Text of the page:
determining that only the first recorded audio message has been played in response to previously receiving a predetermined number of consecutive control commands.
  9. 9. The method of claim 1, wherein the step of playing the first recorded audio message and the second recorded audio message according to a predetermined arrangement comprises:
    playing the first recorded audio message and the second recorded audio message in a predetermined order.
  10. 10. A remotely activatable audio player comprising:
    a first memory operable to store a first recorded audio message that has been personalized for association with an intended listener;
    a second memory operable to store a second recorded audio message that has not been personalized for association with the intended listener;
    a controller, communicatively coupled to the first memory and the second memory, operable to retrieve the first recorded audio message and the second recorded audio message according to a predetermined arrangement responsive to receiving control commands from a remote control device to produce at least one retrieved audio message;
    an audio output device coupled to the controller and operable to output audio signals corresponding to the at least one retrieved audio message responsive to signaling from the controller; and
    a housing enclosing the controller, the first memory, the second memory, and the audio output device.
  11. 11. The audio player of claim 10, further comprising:
    a receiver, coupled to the controller, for receiving wireless control commands from a wireless remote control device.
  12. 12. The audio player of claim 10, wherein the second recorded audio message is associated with a consumer product or service offered by a sponsoring business.
  13. 13. The audio player of claim 12, wherein the housing includes a representation of at least one of a trade name, a trademark, a logo, a symbol, a mascot, a character, and a product associated with the sponsoring business.
  14. 14. The audio player of claim 12, wherein the housing is shaped to resemble at least one of a trade name, a trademark, a logo, a symbol, a mascot, a consumer product, and a character associated with the sponsoring business.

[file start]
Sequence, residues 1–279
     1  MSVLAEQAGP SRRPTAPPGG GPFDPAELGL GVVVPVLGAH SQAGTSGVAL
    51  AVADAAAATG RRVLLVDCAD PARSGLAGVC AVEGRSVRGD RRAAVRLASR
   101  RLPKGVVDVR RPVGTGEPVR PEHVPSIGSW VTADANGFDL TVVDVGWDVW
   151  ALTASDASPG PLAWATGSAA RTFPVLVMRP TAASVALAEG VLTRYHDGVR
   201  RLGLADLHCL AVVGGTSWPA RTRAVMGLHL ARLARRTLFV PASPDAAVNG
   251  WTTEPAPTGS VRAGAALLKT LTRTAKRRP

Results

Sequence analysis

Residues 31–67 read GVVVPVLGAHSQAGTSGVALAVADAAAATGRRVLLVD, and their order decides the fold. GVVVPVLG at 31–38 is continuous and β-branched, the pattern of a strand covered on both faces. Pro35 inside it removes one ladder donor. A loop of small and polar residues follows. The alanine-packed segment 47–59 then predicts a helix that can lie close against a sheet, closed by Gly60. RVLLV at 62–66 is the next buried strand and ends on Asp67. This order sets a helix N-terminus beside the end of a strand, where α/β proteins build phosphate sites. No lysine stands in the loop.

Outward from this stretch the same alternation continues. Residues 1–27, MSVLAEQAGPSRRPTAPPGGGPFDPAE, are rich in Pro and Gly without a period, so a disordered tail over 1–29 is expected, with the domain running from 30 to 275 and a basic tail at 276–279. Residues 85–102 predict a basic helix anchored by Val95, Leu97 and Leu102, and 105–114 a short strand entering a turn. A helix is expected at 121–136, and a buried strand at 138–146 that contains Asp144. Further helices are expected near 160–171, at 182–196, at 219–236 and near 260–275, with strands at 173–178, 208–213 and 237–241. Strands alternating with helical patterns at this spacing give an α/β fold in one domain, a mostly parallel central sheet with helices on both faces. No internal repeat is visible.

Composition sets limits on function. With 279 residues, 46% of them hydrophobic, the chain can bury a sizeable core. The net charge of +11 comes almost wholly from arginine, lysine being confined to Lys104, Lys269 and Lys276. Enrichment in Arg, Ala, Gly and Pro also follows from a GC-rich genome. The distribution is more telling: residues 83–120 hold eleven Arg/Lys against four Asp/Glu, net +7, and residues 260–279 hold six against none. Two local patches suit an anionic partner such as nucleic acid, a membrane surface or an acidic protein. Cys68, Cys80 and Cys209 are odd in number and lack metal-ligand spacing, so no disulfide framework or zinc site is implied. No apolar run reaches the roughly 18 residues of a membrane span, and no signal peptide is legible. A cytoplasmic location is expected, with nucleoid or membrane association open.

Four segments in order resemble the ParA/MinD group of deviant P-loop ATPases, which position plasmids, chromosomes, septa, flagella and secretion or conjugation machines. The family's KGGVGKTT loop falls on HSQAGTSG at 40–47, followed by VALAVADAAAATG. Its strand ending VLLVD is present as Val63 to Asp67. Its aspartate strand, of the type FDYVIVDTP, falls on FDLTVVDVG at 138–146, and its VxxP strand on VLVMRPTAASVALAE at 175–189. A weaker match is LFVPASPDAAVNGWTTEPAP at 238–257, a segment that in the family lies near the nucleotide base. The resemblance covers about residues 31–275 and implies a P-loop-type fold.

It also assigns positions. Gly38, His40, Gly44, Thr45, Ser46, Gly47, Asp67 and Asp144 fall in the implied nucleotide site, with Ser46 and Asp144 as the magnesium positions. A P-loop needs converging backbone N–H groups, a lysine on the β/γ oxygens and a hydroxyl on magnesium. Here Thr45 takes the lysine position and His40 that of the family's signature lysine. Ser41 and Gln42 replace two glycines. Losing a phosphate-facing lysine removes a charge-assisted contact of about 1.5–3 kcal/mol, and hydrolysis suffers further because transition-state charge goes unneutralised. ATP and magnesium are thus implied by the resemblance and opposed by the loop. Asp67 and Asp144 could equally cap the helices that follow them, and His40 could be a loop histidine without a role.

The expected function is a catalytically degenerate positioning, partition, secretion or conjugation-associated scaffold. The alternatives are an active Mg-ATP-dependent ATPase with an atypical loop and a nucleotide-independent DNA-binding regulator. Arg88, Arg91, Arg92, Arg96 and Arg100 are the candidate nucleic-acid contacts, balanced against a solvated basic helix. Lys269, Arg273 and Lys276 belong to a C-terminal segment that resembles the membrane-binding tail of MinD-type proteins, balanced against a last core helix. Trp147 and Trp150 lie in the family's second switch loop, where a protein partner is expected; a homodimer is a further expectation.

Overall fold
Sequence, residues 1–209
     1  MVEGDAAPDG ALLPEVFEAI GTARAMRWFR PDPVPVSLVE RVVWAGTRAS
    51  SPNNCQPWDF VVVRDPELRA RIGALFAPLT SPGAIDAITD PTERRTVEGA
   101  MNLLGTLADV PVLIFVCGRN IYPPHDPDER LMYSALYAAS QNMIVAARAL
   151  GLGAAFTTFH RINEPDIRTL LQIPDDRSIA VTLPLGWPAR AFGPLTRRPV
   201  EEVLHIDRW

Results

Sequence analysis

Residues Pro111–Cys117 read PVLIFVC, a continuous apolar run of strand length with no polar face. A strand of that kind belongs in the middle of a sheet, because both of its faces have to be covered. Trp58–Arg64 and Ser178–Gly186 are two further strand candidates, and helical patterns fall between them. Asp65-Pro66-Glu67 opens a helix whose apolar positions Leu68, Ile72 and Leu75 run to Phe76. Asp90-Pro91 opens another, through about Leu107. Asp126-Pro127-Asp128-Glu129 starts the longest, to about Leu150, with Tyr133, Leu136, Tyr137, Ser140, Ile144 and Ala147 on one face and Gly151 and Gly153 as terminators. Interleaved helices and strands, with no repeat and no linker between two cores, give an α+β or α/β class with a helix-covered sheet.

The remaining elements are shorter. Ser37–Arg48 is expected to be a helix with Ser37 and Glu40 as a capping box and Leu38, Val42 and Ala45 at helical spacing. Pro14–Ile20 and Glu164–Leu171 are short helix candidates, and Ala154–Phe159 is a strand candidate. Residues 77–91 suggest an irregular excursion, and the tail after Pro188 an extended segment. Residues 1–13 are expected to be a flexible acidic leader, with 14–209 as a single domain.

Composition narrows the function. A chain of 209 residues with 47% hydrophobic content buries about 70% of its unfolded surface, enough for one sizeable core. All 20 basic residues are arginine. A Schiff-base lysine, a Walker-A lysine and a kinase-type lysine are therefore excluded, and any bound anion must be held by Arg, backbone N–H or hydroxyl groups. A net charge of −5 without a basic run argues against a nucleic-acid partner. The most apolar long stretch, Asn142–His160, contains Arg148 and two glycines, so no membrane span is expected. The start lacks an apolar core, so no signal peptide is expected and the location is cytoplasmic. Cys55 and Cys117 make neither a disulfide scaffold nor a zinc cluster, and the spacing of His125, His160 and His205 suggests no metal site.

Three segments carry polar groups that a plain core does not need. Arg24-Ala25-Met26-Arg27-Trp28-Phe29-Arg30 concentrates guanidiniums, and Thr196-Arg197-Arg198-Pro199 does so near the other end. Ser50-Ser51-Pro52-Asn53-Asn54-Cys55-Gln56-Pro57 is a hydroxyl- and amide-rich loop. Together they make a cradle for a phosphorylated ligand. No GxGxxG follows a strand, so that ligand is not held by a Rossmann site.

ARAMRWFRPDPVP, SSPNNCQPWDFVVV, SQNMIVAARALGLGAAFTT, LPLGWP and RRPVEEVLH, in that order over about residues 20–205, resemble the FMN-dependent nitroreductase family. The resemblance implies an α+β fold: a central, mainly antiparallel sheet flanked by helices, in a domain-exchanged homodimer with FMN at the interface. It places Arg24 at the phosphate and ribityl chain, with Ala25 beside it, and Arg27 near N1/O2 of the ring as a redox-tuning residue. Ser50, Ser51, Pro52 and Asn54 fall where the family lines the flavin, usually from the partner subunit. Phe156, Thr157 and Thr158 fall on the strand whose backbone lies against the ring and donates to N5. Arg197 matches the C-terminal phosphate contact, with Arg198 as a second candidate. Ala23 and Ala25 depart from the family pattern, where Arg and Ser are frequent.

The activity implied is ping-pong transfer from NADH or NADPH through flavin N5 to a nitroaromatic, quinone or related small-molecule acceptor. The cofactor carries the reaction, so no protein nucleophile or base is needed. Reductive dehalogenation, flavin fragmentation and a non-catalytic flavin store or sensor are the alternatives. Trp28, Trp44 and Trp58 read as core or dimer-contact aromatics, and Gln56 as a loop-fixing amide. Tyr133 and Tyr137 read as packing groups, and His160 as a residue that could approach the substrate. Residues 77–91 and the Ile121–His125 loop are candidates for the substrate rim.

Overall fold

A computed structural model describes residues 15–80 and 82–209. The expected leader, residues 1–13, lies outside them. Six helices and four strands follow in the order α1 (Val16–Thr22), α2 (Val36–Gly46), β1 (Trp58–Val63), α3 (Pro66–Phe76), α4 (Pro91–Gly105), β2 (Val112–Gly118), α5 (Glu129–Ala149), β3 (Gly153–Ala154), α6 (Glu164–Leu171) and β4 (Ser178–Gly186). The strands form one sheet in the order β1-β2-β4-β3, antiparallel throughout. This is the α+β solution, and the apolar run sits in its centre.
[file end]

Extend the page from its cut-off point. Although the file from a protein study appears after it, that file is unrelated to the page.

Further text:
15. 15. The audio player of claim 12, wherein the second recorded audio message includes at least one of a slogan, a song, a jingle, and advertising relating to the sponsoring business.
  16. 16. The audio player of claim 10, wherein the intended listener is a child, wherein the first recorded audio message is intended to have at least one of a calming and instructional influence on the child, and wherein the second recorded audio message is not intended to have at least one of a calming and instructional influence on the child.
  17. 17. The audio player of claim 10, further comprising:
    at least one button, communicatively coupled to the controller, for entering local control commands, wherein the controller is further responsive to the local control commands to retrieve the first recorded audio message and the second recorded audio message according to the predetermined arrangement.
  18. 18. The audio player of claim 10, wherein the predetermined arrangement is a predetermined order and the controller is operable to signal the audio output device to output the first recorded audio message and the second recorded audio message in the predetermined order.
  19. 19. A system for playing recorded audio messages, the system comprising:
    a remote control device operable to transmit control commands; and
    a remotely activatable audio player that includes:
    a first memory operable to store a first recorded audio message that has been personalized for association with an intended listener,
    a second memory operable to store a second recorded audio message that has not been personalized for association with the intended listener,
    a controller, communicatively coupled to the first memory and the second memory, operable to retrieve the first recorded audio message and the second recorded audio message according to a predetermined arrangement responsive to receiving control commands from the remote control device to produce at least one retrieved audio message,
    an audio output device coupled to the controller and operable to output audio signals corresponding to the at least one retrieved audio message responsive to signaling from the controller, and
    a housing enclosing the controller, the first memory, the second memory, and the audio output device.
  20. 20. The system of claim 19, wherein the predetermined arrangement is a predetermined order and the controller is operable to signal the audio output device to output the first recorded audio message and the second recorded audio message in the predetermined order
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Cited By (11)